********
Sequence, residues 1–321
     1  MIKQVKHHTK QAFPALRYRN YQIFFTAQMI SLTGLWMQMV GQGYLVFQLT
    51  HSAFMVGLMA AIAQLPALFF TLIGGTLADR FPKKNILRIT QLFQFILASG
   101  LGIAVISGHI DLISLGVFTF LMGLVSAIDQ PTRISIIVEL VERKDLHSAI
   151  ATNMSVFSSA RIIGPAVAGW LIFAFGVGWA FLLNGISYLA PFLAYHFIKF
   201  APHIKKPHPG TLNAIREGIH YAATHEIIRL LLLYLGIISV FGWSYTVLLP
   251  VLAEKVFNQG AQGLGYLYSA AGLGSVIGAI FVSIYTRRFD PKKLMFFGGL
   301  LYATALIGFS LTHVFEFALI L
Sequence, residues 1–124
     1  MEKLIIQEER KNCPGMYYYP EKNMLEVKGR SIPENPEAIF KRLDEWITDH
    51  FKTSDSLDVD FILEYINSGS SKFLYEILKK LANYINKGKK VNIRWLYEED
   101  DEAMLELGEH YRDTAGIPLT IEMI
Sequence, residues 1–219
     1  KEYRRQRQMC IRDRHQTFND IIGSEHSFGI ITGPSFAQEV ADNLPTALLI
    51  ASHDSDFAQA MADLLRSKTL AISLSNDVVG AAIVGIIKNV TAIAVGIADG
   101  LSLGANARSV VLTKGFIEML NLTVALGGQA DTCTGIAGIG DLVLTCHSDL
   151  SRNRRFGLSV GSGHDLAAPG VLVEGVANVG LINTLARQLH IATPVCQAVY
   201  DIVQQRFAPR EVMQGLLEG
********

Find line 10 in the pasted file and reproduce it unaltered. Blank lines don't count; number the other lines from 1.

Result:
     1  MEKLIIQEER KNCPGMYYYP EKNMLEVKGR SIPENPEAIF KRLDEWITDH